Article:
Judge Pickering, who described the footage of the girl and guard walking down the fire exit as haunting, said the girl showed “remarkable resilience through her courage” to describe the incident to her parents, police and the court.

“It’s quite remarkable because I think of how many three-year-olds would be able to articulate what happened to her,” the judge said.

“(She) did her best to explain what happened but again it is an enormous ask on a three-year-old to outline precisely what happened.”

Judge Pickering sympathised with the girl’s parents, who earlier told the court of mental health issues stemming from the incident, and said the mother undoubtedly regrets leaving the girl and her older sister in the playground to do her Christmas shopping.

But he said mothers should be entitled to leave their child in a shopping centre play area without the expectation the centre’s guard would cause harm.

By the time Al Bayati arrived at the playground, the girl was no longer distressed and was playing happily on the slide.

Among his explanations for taking the girl was the belief her mum was in the toy shop and taking a route via the fire exit was the shortest path there.

Judge Pickering said that claim was “unusual in the extreme” but warned it was pointless trying to think logically about why someone would take a happy child down a fire exit away from public view.

“People who commit these kinds of acts process way outside the normal thought processes and there is no point trying to make sense of an act of this nature,” he said.

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“The gall of the offender to lecture the mother about the dangers and risks of leaving her in the play area, when he ended up being the greatest risk, is one of the most curious parts in this matter.”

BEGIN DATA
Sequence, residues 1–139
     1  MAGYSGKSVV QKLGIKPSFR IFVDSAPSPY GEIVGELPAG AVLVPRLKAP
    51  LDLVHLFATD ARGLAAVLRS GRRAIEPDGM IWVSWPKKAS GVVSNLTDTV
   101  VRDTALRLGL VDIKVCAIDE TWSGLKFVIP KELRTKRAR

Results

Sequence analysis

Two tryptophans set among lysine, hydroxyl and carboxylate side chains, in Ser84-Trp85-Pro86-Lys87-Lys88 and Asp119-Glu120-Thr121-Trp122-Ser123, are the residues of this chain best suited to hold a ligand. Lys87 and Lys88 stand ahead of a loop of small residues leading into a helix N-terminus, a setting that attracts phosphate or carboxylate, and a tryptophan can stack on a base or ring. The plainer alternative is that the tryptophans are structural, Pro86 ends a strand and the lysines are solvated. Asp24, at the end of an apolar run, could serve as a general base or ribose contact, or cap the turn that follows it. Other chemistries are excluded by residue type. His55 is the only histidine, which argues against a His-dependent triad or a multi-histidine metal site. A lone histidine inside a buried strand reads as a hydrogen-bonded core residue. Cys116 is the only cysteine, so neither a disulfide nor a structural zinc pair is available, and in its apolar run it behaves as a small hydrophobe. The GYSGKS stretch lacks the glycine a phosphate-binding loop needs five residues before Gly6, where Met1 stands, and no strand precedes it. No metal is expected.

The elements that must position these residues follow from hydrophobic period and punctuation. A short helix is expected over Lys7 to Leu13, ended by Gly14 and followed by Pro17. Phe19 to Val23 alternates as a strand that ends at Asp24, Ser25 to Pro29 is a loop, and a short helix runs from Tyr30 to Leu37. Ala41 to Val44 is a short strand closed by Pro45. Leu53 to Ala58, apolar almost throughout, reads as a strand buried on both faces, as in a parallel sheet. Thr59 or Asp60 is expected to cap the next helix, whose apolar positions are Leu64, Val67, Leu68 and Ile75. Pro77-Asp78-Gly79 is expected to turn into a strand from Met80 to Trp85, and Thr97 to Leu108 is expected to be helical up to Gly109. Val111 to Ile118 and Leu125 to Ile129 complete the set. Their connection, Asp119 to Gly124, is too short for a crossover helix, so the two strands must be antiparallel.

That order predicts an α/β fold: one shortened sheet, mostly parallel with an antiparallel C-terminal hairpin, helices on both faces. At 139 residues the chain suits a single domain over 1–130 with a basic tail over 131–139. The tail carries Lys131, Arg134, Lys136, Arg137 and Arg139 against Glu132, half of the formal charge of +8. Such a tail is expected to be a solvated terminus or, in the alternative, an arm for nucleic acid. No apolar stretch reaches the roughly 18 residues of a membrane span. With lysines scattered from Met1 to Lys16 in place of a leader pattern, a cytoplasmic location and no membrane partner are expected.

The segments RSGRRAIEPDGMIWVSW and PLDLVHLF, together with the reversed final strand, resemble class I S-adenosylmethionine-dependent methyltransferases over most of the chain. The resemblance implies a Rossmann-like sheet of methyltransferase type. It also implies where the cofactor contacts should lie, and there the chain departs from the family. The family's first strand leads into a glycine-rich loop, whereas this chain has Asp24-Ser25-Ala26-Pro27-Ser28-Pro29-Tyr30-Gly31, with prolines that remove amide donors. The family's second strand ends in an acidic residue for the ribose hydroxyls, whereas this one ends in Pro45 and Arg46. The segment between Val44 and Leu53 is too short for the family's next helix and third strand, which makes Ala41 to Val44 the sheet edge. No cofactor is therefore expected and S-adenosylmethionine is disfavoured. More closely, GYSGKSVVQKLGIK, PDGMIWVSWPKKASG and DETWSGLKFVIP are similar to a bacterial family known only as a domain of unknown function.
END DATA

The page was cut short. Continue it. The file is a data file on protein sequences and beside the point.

Al Bayati will be eligible for parole in mid-2021.

3. Victoria police brutality victim awarded $400k.

An Aboriginal man who was brutally bashed by police during a counter-terrorism raid in Melbourne has been awarded $400,000.

Eathan Cruse was 19 when police officers tied his hands behind his back, slammed him into a fridge and beat him in the April 2015 raid.

Mr Cruse was arrested on suspicion of involvement with a plot to behead a police officer on Anzac Day the same year, but was never charged.

The arrest was unlawful and a “cowardly and brutal attack”, Supreme Court Justice Melinda Richards ruled on Tuesday.

While Mr Cruse was lying on the kitchen floor when an officer grabbed his hair and told him “there’s more to come” or “there’s more where that came from”.

As he was taken out of the home, one of the policeman said “don’t say a f***ing word”, the court was told.

Police officers also should have given “careful consideration” to taking Mr Cruse into custody knowing he was of Aboriginal descent, the justice said.

She found there were no reasonable grounds for officers to suspect him of terror offences or that he committed any offence.

Mr Cruse was left with physical injuries including a concussion, a cut in front of his left ear and bruising on his face, neck and upper body and has untreated major depression, post-traumatic stress disorder with paranoid ideation.